The world needs a freely available tool for designing open-source hardware. Without it, designers do not have the freedom to share their work efficiently. KiCad is that tool, and you can help to develop it.
A stable release of KiCad Version 6 could become available very soon, so that everybody can profit from its enhanced features. With an extra 600 hours of expert development, this might become a reality!
Contribute to KiCad Version 6 with a donation and help us reach the goal of 600 hours of expert development that can make the new release available sooner than you think.
Almost a year after the release of KiCad 4.0.7, the KiCad development team is proud to present a new and improved KiCad 5.0 release!
The stable release version 5.0.0 is made from the stable 5.0 branch. KiCad binaries should be available now or in the very near future for download for Windows, macOS and Linux. See the download page for guidance.
Instructions for packagers can be found on the download page describing how to build from source . Below are also some packaging packaging related changes since the 4.0 releases. The official KiCad libraries have also seen a lot of improvement in management, style and consistency by the librarians. Read more about this on the new library section on the website.
Thank you to all developers, packagers, librarians, document writers, translators, and everyone else who helped make this release possible.
From MakersBox on Tindie:
Learn to solder, and learn a little bit about electronics as well
Soldering can seem a bit daunting,
but it is easier than it looks and it is a skill that opens a world of DIY projects to you. This project is the perfect way to not only learn how to solder, but to show off your new found skill to your friends and family.
Unlike other simple soldering project, this one will also teach you about circuits, and how they work. And it has a switch to save the battery. More power to you!
What you get:
- A perfect purple PCB made in the USA by OSH Park.
- An RGB LED that will open the all the mysteries of color mixing to you.
- A resistor, which in addition to being the easiest component to learn how to solder, will also save your battery life.
- A switch, which far more than the resistor, will save your battery and allow you to sleep at night not wondering how long that color changing LED will continue to light up the room.
- A battery holder for the CR2032, the best and most cost effective lithium coin cell on the planet*.
While most PCBs can be simple rectangles, sometimes the design requires more complex geometry. EDA tools don’t always make this simple, so we will go over a few KiCad tips to make it easier. In this talk you will learn how to import unique board shapes from Fusion 360, create arbitrary fill zones using images, and embed high-frequency RF filters. We will use multiple software packages to enhance KiCad’s performance beyond its obvious use.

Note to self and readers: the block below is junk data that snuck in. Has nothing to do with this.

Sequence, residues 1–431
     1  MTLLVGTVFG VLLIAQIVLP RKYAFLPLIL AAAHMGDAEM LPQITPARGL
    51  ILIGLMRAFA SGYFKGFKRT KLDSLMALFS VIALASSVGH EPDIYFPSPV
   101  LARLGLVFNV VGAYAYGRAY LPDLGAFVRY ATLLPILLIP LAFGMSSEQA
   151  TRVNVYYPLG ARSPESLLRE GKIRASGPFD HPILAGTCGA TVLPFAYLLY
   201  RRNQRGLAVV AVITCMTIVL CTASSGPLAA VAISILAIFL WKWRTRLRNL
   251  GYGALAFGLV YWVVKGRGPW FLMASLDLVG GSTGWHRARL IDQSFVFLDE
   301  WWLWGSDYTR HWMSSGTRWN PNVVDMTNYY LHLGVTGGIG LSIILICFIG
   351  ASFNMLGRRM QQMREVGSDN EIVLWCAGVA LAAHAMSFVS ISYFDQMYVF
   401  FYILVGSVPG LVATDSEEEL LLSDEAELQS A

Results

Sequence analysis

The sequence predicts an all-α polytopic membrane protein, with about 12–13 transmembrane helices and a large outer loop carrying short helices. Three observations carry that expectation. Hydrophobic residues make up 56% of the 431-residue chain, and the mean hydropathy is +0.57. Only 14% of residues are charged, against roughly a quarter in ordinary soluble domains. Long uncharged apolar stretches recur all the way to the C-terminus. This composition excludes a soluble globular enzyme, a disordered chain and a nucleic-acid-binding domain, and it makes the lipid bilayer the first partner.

In Part 6 of the Digi-Key Introduction to KiCad series Shawn walks us through the board layout stage with pcbnew. Shawn will show us how to import a net list, arrange components, draw a board outline, and make trace connections.
Learn how to design boards in KiCad this Saturday, April 28th, with Michael Welling:
We’ve asked Michael Welling of Qwerty Embedded Design to come to Reno to drop some knowledge on KiCad, an open source and multi-platform schematic capture and PCB layout tool. Michael uses KiCad for some of his famous designs such as LoFive, PocketBone, and BaconBits. Space is limited and you should have some basic electronics and CAD skills under your belt already to make the most of this unique opportunity.
This event will be recorded and live-streamed to the GroupGets YouTube channel
9:30am – 12:30pm
2:00pm – 5:00pm
What to Bring:
If you would like to follow along bring a Laptop with KiCad installed
KiCad EDA (http://kicad-pcb.org/)
Michael Welling (https://www.linkedin.com/in/mwelling/)
Qwerty Embedded Design (https://groupgets.com/manufacturers/qwerty-embedded-design)
PCB Art is likely as old as the manufacturing process itself. It has evolved over time from engineers hiding easter eggs in wasted space to whole companies devoted to the intricate authentic design. Andrew has created his own style by using each layer of the PCB to make multi-color images from computer generated designs. In this chat he will talk about his process of turning photos into PCBs as well as tricks to getting high resolution results with KiCad.
In this chat, we’ll be talking about PCB artwork:
- Bitmap to SVG Converstion (Inkscape and Illustrator)
- Kicad Footprint creation
- PCB Fabrication Limits